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There was quite a bit of chatter recently about a Torrentfreak article discussing an operation called "Pirate Pay," which was funded by Microsoft, and claimed it could track and shut down unauthorized works being transmitted via BitTorrent. The report claimed that Walt Disney Studios and Sony Pictures were already customers. The description of how it works is as follows:

“We used a number of servers to make a connection to each and every P2P client that distributed this film. Then Pirate Pay sent specific traffic to confuse these clients about the real IP-addresses of other clients and to make them disconnect from each other,” Andrei Klimenko says.
John Pettitt, former VP of engineering at BitTorrent (who we ve heard from before in a very different context related to software patents), noted in a mailing to Dave Farber s IP list that what Pirate Pay described didn t sound particularly effective or (more importantly) particularly legal.
Reading the article it sound like they are spoofing traffic to confuse torrent clients and force disconnects. It s not at all clear if this will work against all versions of the protocol (particularly the udp based version). Leaving aside the technical issues it s also unclear if such action is legal. It sounds like a targeted denial of service attack, a major corporation paying for such an attack leaves itself wide open to civil and criminal legal action particularly if they accidentally target the wrong torrent which given the history is highly likely.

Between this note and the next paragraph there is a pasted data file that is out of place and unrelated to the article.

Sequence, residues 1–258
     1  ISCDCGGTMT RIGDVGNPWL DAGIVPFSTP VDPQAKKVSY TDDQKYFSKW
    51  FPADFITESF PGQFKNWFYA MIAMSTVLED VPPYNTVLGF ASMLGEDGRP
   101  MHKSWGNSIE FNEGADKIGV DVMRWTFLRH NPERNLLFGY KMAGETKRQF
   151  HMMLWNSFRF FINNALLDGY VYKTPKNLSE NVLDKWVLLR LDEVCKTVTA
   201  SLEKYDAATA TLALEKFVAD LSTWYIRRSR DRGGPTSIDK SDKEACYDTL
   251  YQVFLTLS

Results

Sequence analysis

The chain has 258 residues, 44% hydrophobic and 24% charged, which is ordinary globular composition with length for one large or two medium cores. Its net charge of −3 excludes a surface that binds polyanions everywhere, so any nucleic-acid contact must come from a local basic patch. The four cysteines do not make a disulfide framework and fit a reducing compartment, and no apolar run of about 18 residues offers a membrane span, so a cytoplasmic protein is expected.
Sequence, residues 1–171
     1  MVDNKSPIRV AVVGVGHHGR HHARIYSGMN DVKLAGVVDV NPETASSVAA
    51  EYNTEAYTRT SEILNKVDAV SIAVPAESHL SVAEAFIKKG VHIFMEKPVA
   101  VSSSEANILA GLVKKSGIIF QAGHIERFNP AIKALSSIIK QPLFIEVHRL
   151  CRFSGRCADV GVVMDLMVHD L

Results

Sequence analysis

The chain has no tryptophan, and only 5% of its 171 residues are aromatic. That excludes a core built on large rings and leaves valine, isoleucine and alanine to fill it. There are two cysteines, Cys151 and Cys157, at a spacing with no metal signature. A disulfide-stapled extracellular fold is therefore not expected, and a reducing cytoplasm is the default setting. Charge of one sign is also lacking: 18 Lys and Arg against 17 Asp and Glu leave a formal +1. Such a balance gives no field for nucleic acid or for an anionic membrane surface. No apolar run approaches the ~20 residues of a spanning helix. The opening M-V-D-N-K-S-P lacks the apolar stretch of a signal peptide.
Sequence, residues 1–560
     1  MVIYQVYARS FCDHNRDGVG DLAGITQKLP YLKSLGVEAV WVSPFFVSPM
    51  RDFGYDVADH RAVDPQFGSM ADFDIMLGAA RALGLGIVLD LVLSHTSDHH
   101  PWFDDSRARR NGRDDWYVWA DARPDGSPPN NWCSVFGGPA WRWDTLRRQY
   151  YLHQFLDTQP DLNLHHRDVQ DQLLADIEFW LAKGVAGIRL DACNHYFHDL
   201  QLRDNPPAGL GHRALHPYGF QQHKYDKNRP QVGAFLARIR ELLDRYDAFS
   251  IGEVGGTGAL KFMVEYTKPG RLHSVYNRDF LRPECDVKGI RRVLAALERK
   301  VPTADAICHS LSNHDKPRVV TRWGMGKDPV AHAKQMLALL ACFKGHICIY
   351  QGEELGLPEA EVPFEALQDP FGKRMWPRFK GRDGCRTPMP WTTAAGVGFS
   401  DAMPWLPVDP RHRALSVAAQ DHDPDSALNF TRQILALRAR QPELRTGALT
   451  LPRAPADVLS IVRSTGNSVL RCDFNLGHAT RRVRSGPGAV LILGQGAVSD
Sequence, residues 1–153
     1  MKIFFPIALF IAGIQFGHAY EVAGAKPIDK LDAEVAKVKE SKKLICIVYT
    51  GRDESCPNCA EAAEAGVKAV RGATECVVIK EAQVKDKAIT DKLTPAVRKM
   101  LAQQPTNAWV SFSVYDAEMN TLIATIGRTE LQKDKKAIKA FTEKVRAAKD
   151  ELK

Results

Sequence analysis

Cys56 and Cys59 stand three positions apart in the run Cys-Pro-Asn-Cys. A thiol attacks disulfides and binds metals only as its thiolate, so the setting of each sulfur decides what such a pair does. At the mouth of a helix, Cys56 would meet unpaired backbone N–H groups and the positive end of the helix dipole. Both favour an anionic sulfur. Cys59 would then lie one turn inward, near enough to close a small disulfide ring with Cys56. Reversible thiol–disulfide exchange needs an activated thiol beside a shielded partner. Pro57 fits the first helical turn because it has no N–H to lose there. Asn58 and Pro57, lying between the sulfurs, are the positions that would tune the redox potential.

Anyone want to take a guess as to how long it will be until a major entertainment company issues one of these misguided attacks on the wrong torrent, leading to an effective denial of service against legitimate content?

One other thought on this. The company s name is "Pirate Pay," which I m sure the Hollywood folks get a kick out of. However, it s worth asking the question: how much of this activity would actually get anyone to pay? We ve noted in the past that the entertainment industry seems much more focused on "stopping piracy" than it is on "getting more people to pay." You can argue that the former leads to the latter but there s little evidence to suggest that s true. Yet there is tremendous evidence that offering compelling services without significant restrictions at a reasonable price does, in fact, get people to pay. It s a tragedy that the industry isn t doing nearly enough of that, but instead seems focused on these harebrained (and potentially illegal) schemes to attack people.

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